In general, I think as educators we should use the word “easy” with caution. There are better and clearer ways to express the meanings we are trying to capture, and if we allow learners to make up their own mind whether something is easy or hard, and listen to what they have to say, perhaps they will become resilient and resourceful, rather than feeling rotten.

Thinking about Dotty Grids

May 1, 2014 by

There’s loads of stuff about dotty grids on NRICH at the moment. I’m trying to get my head round Pinterest, and figure out what content can be shared there, so why not check out my dotty grids pinboard? I’m sure I’ll add more to it once I figure out what can go there!

Meeting maths

May 21, 2013 by

At NRICH meetings, we like to devote a little bit of time to working on some maths together. Today I’d like to share the problem that m’colleague Mike presented.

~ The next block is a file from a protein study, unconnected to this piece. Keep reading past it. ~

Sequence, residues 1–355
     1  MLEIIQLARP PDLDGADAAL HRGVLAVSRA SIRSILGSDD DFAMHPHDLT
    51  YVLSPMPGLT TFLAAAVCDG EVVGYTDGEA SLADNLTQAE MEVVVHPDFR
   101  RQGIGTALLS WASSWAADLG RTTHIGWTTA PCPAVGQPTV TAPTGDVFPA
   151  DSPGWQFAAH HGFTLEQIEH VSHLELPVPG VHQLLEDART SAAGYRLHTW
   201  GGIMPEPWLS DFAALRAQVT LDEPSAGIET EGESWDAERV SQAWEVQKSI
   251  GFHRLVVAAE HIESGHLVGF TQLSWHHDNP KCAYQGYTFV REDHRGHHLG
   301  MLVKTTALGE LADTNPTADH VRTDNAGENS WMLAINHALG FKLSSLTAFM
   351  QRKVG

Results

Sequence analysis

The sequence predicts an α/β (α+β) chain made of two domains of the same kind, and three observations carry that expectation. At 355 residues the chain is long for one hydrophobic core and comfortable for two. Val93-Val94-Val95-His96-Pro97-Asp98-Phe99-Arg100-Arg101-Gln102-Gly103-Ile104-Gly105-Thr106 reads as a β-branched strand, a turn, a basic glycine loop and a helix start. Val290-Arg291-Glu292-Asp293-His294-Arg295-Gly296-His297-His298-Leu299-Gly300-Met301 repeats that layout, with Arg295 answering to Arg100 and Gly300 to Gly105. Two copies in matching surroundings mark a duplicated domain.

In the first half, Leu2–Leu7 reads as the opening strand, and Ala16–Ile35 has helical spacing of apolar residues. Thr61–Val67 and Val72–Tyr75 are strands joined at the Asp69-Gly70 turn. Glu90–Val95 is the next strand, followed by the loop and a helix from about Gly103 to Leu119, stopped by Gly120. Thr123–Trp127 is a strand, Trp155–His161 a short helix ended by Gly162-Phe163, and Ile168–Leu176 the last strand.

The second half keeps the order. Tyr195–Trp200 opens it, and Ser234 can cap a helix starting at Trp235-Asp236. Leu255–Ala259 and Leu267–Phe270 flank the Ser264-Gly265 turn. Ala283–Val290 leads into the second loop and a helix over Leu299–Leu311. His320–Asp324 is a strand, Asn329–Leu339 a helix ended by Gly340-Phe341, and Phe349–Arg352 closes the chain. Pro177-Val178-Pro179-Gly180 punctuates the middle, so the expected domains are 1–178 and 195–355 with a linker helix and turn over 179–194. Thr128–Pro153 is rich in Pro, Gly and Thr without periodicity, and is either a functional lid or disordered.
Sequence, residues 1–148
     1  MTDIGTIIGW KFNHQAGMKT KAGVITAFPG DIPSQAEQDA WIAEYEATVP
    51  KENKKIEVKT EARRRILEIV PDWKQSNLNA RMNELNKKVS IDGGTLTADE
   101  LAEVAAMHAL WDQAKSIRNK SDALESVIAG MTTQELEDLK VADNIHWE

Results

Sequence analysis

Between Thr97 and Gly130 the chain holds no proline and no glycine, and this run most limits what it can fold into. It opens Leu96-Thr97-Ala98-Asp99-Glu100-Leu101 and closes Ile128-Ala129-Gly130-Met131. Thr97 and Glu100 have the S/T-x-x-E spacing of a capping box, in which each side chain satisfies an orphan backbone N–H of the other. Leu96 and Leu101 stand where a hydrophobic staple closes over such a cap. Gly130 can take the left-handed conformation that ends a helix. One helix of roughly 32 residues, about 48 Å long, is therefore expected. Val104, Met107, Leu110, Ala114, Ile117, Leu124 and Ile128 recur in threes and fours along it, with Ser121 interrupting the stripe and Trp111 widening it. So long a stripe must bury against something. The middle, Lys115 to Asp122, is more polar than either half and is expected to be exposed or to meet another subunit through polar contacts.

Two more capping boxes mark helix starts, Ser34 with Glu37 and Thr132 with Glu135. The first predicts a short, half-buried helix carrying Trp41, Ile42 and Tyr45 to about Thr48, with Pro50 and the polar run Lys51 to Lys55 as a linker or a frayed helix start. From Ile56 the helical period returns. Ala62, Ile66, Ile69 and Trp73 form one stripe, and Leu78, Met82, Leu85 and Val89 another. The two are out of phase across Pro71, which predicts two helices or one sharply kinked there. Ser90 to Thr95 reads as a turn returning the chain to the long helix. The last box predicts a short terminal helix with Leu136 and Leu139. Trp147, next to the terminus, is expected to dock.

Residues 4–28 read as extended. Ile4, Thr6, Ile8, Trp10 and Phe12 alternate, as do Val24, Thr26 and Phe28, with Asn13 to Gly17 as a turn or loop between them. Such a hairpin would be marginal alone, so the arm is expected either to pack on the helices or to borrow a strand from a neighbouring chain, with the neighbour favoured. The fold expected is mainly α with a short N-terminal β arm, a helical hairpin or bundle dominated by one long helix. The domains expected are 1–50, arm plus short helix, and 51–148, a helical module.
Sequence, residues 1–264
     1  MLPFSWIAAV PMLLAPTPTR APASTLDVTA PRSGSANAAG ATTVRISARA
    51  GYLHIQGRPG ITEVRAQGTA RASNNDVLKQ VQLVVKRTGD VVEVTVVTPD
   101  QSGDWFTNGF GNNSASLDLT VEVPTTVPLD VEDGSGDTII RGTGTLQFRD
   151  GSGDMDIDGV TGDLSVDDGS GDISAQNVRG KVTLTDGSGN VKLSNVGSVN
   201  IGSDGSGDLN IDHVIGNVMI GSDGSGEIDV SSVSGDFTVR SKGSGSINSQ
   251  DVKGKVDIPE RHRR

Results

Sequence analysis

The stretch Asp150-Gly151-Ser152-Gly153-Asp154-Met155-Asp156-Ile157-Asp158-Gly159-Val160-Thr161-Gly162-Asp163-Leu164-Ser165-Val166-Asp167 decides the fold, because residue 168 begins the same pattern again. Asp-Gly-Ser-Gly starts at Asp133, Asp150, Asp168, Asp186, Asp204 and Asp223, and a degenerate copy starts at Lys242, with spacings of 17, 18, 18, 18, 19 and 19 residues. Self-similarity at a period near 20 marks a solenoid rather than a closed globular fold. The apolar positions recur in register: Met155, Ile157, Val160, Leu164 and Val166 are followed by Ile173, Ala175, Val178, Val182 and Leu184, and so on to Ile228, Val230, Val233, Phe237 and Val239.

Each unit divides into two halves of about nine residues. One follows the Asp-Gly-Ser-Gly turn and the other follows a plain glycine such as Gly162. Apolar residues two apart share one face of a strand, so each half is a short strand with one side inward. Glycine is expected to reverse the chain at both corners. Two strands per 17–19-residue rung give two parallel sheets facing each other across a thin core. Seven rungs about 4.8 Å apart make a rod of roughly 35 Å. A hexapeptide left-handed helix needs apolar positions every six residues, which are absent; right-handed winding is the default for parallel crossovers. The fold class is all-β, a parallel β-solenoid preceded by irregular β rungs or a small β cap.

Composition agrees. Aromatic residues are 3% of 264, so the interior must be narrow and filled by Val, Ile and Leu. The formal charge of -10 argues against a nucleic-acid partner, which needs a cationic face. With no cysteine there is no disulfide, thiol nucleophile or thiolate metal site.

Mike provided dotty paper and circular objects to draw round, and invited us to investigate the convex hull of the points contained within circles of our choice. (The convex hull is what you get when you join together the points nearest the edge of the circle without being allowed any concave bits – imagine the circle is a rubber band on a pegboard and when you let go of it it springs round the outermost points.)

Mike threw a few possible questions at us, and then let us get on with it. This is my favourite type of maths investigation; very open ended, and no compulsion to work on something that someone else finds interesting, at the expense of exploring my own avenues. I started by centring my circles on a grid point, and exploring possible shapes. After a very short while, I got distracted and wanted to know whether I could create something in GeoGebra to help me. Others were busily discussing symmetry, whether shapes with different numbers of sides were possible, what happened as circles got larger, and much more. We even talked about practical applications of the mathematical ideas, approximating circles on a square grid such as pixels on a computer screen.

Alas, the meeting was over all too soon (not something you’ll hear me say very often!) and I had to get back to other things, but I saved my GeoGebra file to explore a bit more when I have the time. And if this starting point provokes any interesting questions for you, do let me know in the comments!